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My FTP program written in C only works when the server address is an IP address. But the connection fails when the server address is a Fully Qualified Domain Name (FQDN). When ftp_host is FQDN, the ftp connection fails to open. Please help.

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1 Answer 1

up vote 3 down vote accepted

I'd strongly recommend using the getaddrinfo() function, as gethostbyname() is obsolete. This also has the advantage that it's easy to convert to IPv6, either now or later.

I'm assuming you only care about IPv4 addresses, so here's an example of a function which will take a hostname as its parameter and fill in a struct sockaddr_in for you:

int get_ftp_addr(const char *hostname, struct sockaddr_in *addr)
{
  char host_buffer[256];
  struct addrinfo hints;
  struct addrinfo *result;
  struct sockaddr_in *res_addr;
  int error = -1;
  char *colon;

  snprintf(host_buffer, sizeof(host_buffer), "%s", hostname);

  memset(&hints, 0, sizeof(hints));
  hints.ai_family = AF_INET;
  hints.ai_socktype = SOCK_STREAM;

  colon = strchr(host_buffer, ':');
  if (colon) {
    *colon = '\0';
    error = getaddrinfo(host_buffer, colon + 1, &hints, &result);
  } else {
    error = getaddrinfo(host_buffer, "ftp", &hints, &result);
  }

  if (error != 0 || !result) {
    return error;
  }

  res_addr = (struct sockaddr_in*)(result->ai_addr);
  memcpy(addr, res_addr, sizeof(struct sockaddr_in));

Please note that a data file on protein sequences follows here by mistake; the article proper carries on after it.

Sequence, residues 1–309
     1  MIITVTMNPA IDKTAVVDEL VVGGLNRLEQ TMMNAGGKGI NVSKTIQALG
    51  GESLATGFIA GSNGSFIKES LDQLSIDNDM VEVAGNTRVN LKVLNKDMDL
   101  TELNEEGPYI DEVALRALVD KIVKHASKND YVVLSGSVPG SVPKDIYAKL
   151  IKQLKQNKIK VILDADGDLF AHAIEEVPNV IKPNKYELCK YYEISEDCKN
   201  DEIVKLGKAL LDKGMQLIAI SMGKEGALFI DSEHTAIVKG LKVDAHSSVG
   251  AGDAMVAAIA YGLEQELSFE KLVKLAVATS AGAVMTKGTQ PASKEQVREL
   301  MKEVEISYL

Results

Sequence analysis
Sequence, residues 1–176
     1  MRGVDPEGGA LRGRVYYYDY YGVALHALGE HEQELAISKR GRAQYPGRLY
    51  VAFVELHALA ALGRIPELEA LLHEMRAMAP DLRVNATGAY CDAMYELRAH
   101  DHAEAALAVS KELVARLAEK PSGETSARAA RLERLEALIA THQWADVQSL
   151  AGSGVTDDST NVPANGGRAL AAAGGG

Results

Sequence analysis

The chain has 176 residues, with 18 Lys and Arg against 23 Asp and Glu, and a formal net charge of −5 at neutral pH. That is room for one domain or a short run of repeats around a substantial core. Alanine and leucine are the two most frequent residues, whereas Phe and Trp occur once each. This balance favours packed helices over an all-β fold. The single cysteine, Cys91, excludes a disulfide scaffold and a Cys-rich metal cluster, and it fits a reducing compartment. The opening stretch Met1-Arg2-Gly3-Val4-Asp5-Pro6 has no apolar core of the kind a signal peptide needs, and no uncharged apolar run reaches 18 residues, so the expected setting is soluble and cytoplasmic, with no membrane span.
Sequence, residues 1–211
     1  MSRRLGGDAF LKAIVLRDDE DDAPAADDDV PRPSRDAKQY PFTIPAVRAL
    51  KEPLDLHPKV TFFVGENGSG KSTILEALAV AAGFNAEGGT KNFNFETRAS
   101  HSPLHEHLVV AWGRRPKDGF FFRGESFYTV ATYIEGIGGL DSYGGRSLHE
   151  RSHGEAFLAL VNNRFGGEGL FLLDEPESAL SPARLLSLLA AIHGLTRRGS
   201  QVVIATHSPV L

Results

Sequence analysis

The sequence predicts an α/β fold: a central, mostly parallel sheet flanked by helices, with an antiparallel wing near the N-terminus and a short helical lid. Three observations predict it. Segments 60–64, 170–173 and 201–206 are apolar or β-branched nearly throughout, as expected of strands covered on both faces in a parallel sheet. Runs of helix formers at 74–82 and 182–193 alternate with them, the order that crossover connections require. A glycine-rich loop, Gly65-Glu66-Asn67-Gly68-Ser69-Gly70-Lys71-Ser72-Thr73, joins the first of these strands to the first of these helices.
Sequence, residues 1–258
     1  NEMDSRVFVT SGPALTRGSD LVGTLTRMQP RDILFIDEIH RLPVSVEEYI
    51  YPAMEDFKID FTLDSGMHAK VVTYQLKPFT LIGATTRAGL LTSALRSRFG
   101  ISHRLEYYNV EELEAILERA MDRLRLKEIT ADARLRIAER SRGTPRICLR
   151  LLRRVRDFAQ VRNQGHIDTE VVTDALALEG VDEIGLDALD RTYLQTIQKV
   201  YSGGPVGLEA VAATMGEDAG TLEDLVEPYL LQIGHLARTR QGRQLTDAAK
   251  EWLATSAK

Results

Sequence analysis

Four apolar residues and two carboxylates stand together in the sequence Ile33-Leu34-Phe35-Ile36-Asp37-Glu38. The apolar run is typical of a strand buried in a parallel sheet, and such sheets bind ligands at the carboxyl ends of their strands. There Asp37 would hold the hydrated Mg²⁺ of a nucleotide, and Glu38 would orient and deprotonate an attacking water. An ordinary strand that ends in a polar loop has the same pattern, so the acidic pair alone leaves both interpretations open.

freeaddrinfo(result);
  return 0;
}

Note that I only take a copy of the string to avoid modifying the version in the caller - don't feel obliged to keep that part if you don't want to, but personally I think it makes a cleaner interface.

This function will accept both IP addresses in dotted quad notation and fully-qualified hostnames, as getaddrinfo() accepts both of those. If a port is specified with a colon it will be used, otherwise the default FTP port will be used.

A zero return value indicates success. A positive return can be passed into gai_strerror() to get a string error code, or you can check the getaddrinfo() man page for the possible error codes. A return of -1 indicates a successful result from getaddrinfo() but no result structure - I don't think this can happen, but I don't like leaving any possible return code unhandled.

There are several caveats here, the two most important are:

  • This code only support IPv4 as it stands, although getaddrinfo() makes it really easy to support IPv6 as well. If you want to support both then change the AF_INET in the hints structure to AF_UNSPEC and you'll get all address families. You'll need to iterate over addresses, though, and filter out only the IPv4 and IPv6 ones (see my next point).
  • A DNS lookup can potentially look up to multiple IP addresses - this is quite common with large sites such as Google as they use this feature for load-balancing across hosts, and also redundancy. Ideally you code should iterate across all the returned addresses and try connecting to each one until one works. For an FTP client this is perhaps overkill, but I think it's important to be aware of it.

If you want to support IPv6, or support multi-A-records (i.e. multiple addresses back from the DNS query), then you need to follow the ai_next pointer in the struct addrinfo structure - something like this:

struct addrinfo *res;

/* Assume result is initialised as above via getaddrinfo() */

for (res = result; res != NULL; res = res->ai_next) {
    ...
}
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